[ECOS] Valgrind - A Heads Up.

John Carter john.carter@tait.co.nz
Mon Jan 5 20:21:00 GMT 2004


Just a heads up on developments over at the Valgrind end of the
world...

You may be aware of Valgrind, an excellent debugging tool for
i386 Linux.
  http://valgrind.kde.org/

(Disclaimer: I have nothing to do with eCos, or Valgrind accept as a
user of both.)

Be patient, you will soon see the application to eCos and then go
"Oooh! That is very very interesting!"

Here I quote the docs....

   Valgrind is a flexible tool for debugging and profiling Linux-x86
   executables. The tool consists of a core, which provides a
   synthetic x86 CPU in software, and a series of "skins", each of
   which is a debugging or profiling tool. The architecture is
   modular, so that new skins can be created easily and without
   disturbing the existing structure.

   The memcheck skin detects memory-management problems in your
   programs. All reads and writes of memory are checked, and calls to
   malloc/new/free/delete are intercepted. As a result, memcheck can
   detect the following problems:

    * Use of uninitialised memory
    * Reading/writing memory after it has been free'd
    * Reading/writing off the end of malloc'd blocks
    * Reading/writing inappropriate areas on the stack
    * Memory leaks -- where pointers to malloc'd blocks are lost forever
    * Mismatched use of malloc/new/new [] vs free/delete/delete []
    * Overlapping src and dst pointers in memcpy() and related functions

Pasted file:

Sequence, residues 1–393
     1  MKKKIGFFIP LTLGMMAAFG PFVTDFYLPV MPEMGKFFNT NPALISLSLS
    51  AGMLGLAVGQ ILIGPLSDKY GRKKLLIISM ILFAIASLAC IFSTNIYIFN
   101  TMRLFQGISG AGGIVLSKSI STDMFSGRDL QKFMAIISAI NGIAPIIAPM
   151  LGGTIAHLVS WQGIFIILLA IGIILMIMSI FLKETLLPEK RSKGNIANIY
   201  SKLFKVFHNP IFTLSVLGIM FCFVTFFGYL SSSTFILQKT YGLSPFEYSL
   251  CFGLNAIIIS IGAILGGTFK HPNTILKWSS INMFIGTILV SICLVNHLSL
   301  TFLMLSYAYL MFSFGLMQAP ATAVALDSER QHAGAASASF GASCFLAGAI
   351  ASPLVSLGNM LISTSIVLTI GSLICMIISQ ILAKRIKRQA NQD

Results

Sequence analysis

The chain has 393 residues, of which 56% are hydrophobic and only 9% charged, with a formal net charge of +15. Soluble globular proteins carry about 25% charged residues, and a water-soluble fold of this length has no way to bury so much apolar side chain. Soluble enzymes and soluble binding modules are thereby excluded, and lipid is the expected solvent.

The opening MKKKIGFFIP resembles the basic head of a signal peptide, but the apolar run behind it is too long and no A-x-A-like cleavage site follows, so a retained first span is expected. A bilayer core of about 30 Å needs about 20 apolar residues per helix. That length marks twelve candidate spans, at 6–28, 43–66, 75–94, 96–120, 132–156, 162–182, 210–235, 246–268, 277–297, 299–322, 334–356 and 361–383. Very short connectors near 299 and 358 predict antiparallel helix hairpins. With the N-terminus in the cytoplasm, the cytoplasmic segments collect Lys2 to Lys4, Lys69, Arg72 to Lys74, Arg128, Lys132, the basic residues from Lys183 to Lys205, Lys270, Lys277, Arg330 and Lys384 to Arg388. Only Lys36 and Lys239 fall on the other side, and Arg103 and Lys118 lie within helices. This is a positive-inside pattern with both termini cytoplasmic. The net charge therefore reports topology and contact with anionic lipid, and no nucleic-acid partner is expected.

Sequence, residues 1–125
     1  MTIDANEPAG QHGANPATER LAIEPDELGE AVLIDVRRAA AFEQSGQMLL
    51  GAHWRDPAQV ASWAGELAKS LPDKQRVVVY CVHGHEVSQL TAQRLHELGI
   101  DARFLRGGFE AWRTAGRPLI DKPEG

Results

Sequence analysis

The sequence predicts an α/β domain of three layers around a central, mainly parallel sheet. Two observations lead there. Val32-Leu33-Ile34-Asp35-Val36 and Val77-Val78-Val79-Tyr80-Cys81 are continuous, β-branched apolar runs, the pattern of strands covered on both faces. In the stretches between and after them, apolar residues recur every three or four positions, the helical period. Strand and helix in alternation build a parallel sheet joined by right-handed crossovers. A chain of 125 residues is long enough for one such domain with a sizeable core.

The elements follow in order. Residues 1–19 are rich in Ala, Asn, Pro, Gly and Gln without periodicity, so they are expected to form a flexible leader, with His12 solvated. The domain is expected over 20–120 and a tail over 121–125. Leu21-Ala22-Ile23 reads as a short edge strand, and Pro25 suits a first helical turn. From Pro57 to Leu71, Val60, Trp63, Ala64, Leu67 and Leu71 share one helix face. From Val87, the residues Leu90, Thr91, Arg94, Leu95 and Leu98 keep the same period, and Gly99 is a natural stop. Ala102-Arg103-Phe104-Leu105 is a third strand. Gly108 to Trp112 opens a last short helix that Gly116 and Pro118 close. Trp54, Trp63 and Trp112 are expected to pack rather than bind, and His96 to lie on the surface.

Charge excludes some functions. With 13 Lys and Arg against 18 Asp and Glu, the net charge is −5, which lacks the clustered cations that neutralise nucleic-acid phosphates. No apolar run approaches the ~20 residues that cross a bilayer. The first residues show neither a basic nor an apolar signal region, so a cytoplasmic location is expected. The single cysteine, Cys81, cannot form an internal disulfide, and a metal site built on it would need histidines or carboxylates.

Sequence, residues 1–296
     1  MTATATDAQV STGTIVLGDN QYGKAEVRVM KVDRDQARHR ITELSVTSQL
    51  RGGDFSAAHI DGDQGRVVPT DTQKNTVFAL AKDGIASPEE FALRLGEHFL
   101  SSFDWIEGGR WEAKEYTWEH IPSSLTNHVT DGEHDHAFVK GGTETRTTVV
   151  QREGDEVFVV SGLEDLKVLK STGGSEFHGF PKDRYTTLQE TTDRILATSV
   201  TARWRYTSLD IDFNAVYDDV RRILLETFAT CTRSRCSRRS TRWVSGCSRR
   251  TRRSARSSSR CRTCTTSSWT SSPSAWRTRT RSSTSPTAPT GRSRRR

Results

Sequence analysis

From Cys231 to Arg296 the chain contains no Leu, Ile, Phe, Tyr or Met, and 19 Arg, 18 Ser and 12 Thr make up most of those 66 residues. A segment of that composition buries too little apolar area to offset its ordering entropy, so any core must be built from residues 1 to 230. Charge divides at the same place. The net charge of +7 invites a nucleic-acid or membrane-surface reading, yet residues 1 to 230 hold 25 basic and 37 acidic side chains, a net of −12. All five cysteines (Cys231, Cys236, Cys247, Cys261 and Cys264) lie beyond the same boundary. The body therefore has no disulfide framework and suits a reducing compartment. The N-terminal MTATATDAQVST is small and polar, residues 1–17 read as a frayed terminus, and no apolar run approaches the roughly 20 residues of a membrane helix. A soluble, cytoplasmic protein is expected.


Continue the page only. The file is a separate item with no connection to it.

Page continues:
* Some misuses of the POSIX pthreads API

   cachegrind is a cache profiler. It performs detailed simulation of
   the I1, D1 and L2 caches in your CPU and so can accurately pinpoint
   the sources of cache misses in your code. If you desire, it will
   show the number of cache misses, memory references and instructions
   accruing to each line of source code, with per-function, per-module
   and whole-program summaries. If you ask really nicely it will even
   show counts for each individual x86 instruction.

   helgrind is a new debugging skin, designed to find data races in
   multithreaded programs. What helgrind looks for is memory locations
   which are accessed by more than one (POSIX p-)thread, but for which
   no consistently used (pthread_mutex_)lock can be found. Such
   locations are indicative of missing synchronisation between
   threads, and could cause hard-to-find timing-dependent problems.

Now the latest improvement (currently only in the latest version in
CVS not in any released version) is Full Virtualization. This means
that it doesn't even need to get in via the dynamically link library
back door. It can run on eCos Linux synthetic target statically linked
binaries.

At this stage you should be saying, "Oooh, that is very
interesting". This means no matter what weird thing your target CPU
is, you can test your code under Valgrind by compiling it for the
synthetic target.

However, I believe additional work needs to be done to get eCos to
gain the full benefit from Valgrind.

For example:
 * Valgrind needs to understand eCos memory pools.
 * Valgrind needs to understand eCos threading scheduler.

So this is just a little pointer to anyone that may find this useful.

John Carter                             Phone : (64)(3) 358 6639
Tait Electronics                        Fax   : (64)(3) 359 4632
PO Box 1645 Christchurch                Email : john.carter@tait.co.nz
New Zealand

A Million Monkeys can inflict worse things than just Shakespeare on
your system.

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